How to Write a Press Release (That Doesn’t Get Deleted)



Posted: In: Blogs PR Education

The press release has always been a go to staple in the PR pantry. It’s an ingredient nearly every PR pro busts out when they are looking to cook up something great. But if press releases are such key ingredients in PR’s recipe for success, why are so many PR pros continually let down by their performance?

It’s likely because while the PR industry and function have changed dramatically, the press release (and the thinking around it) hasn’t changed much… if at all.

Great cooking, like great PR, requires experimentation, the right ingredients, and perhaps most importantly, creativity. Let’s dig into three steps that will ensure every press release you write whets appetites, satiates story hunger, and leaves ‘em begging for seconds (a.k.a. reporters lined up at your door for more info).

1. Choose wisely.

Press releases can be a significant financial investment and often require a fair amount of human capital to generate with no guarantee of pick-up or other meaningful activities for your brand.

Before deciding to send out a press release, ask yourself three simple questions:

  • Content: What format shall I choose based on the audience I’m trying to reach? (Text, image, video, combo, etc.)
  • Channel: What conduit am I using to deliver my content so I can best reach my target audience? (Earned media, owned media, newswire, direct pitch, etc.)
  • Measurement: How am I defining success? (Story pick up, message pull-through, traffic back to site, etc.)

While your gut may crave a press release, it’s not always going to be the best PR staple to pull off the shelf. Be honest about your end goals so you can choose the channel and content format(s) that give you the greatest odds of success.

2. Lead by example.

Once you’ve decided that short-form text is the ideal format, a newswire is the perfect delivery mechanism, and success would be, for example, four pick-up stories published in target media outlets, it’s time to get cookin’.

To stand out, whip your press release into a multimedia content package equipped with high-res’ images reporters can publish, expert quotes from a range of companies (not just your own), and hopefully a video too.

Part of this preparation process should include collaboration with other in-house cooks. Share the press release with your content team so they can pen a blog post or thought leadership article that expounds on some part of the press release.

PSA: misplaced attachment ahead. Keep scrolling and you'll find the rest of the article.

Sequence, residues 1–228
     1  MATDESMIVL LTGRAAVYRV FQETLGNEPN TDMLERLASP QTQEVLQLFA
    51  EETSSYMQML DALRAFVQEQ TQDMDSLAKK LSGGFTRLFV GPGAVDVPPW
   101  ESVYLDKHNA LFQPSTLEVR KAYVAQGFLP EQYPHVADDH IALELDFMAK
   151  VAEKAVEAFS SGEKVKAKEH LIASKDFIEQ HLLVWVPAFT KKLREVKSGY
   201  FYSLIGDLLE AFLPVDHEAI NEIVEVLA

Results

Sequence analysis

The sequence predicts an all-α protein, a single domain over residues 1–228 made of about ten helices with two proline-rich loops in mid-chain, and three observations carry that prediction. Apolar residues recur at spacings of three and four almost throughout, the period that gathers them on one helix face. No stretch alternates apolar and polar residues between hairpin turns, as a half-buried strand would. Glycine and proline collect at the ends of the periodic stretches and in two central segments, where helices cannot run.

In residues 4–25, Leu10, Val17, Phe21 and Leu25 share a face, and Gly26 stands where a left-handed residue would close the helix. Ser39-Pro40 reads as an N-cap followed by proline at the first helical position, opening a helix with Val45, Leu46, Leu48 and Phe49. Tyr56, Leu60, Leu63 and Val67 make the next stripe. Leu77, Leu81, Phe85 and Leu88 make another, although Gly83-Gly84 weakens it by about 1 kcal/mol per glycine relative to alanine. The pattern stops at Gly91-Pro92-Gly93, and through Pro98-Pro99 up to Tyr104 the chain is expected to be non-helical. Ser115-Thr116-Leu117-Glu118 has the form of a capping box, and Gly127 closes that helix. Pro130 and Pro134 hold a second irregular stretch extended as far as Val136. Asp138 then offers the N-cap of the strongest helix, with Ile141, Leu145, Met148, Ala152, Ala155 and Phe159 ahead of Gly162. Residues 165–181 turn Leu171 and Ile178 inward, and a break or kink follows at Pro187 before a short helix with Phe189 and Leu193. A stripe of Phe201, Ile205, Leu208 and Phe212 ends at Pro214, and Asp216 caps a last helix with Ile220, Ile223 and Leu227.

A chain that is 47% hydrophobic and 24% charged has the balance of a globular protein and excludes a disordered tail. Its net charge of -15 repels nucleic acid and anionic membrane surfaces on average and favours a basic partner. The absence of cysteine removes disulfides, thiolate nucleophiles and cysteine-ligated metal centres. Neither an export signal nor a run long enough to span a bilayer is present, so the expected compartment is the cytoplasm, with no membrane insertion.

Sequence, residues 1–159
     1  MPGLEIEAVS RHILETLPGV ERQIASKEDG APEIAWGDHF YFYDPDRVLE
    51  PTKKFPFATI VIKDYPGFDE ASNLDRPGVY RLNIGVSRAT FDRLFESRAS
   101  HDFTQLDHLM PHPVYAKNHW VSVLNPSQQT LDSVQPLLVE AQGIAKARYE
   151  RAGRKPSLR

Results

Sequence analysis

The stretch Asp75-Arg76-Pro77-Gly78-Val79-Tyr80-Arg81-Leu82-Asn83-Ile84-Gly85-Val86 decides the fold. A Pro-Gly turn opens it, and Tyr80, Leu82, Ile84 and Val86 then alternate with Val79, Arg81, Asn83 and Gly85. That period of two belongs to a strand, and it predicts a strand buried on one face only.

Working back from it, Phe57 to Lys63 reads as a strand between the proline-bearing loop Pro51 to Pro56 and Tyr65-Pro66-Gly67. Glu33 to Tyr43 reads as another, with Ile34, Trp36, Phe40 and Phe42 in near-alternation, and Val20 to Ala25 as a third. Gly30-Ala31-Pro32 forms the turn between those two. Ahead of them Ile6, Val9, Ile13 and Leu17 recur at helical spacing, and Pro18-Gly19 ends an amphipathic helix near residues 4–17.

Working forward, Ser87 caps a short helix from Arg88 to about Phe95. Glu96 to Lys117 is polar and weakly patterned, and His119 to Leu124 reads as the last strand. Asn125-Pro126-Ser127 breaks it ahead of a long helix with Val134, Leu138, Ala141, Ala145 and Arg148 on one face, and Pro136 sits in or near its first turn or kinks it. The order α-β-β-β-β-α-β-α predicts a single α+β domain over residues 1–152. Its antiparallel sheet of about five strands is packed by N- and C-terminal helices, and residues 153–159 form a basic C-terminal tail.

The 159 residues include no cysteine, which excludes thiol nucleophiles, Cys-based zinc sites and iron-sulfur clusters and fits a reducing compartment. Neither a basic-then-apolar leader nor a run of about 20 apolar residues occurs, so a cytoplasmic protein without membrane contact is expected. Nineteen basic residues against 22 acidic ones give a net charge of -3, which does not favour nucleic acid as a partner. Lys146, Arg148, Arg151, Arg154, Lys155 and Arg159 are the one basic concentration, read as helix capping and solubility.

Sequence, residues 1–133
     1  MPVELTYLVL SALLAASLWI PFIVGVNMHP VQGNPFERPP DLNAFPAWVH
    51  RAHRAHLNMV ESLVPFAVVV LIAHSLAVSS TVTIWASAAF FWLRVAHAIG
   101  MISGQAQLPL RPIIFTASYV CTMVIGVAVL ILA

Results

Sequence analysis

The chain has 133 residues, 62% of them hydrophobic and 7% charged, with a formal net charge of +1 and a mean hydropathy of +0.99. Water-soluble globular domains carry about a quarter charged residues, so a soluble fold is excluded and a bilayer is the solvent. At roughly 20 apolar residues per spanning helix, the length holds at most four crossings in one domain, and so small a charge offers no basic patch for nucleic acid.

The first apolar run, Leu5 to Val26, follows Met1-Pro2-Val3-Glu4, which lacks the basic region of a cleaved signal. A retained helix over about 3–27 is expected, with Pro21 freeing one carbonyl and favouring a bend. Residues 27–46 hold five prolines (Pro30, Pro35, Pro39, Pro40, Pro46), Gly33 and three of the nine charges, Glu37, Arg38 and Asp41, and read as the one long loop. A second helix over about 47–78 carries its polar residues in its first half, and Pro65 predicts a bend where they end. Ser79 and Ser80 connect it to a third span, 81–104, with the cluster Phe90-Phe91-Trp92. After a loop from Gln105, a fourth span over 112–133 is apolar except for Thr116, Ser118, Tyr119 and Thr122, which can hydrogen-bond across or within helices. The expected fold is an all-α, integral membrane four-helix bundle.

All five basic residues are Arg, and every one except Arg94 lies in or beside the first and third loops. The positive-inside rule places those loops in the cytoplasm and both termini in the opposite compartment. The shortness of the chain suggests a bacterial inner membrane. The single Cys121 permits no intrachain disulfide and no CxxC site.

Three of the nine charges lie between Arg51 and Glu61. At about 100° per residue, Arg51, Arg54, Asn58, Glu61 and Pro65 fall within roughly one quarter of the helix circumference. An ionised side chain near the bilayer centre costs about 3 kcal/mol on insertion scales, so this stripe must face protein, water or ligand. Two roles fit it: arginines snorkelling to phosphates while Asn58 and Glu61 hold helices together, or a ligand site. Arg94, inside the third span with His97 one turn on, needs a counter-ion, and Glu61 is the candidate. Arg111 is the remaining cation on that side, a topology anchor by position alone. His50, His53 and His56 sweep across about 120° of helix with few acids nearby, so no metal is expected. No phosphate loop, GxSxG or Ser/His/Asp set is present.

Not only does supplemental content provide additional places for prospective journalists to taste your news, it also allows you to dig into an aspect of the news you find particularly compelling while keeping the actual release streamlined and focused. This exercise may create a shining example of the types of stories your release is meant to inspire! (Show, don’t just tell.)

3. Pitch perfect.

Let’s be honest: Most self-respecting journalists aren’t trolling newswires. They’re seeking out thought-provoking nuggets on social media, looking for eye-catching email subject lines, and generally doing everything in their power to avoid reading generic press releases (the white bread of news).

If you want to increase the likelihood of a journalist gobbling up your press release, write a highly personalized pitch. Personalized pitches require that you (the PR pro) do your homework.

Review author pages and read content by specific journalists to understand how they like to construct stories. Are they more into quotes or unique data sets? Perhaps compelling visuals are their jam. Figure out what interests them and offer it up on a silver platter!

Great writers and journalists can turn solid facts and advice into thoughtful pieces. Get them 75% of the way there with the data and info needed for a compelling story and I promise the odds of your story being published increases exponentially.

So, what’s the recipe for success?

Think strategically before deciding a press release is the way to achieve your public relations goals, include key info and multimedia assets, and invest time and energy into targeting and personalizing  your pitches.

A great press release doesn’t have to be complicated, it just has to be appetizing.

Press release workflow

This post kicks off our four-part series on optimizing public relations fundamentals. Tune in next week when PR Engineer Kelly Byrd shares how to use data to ensure content success.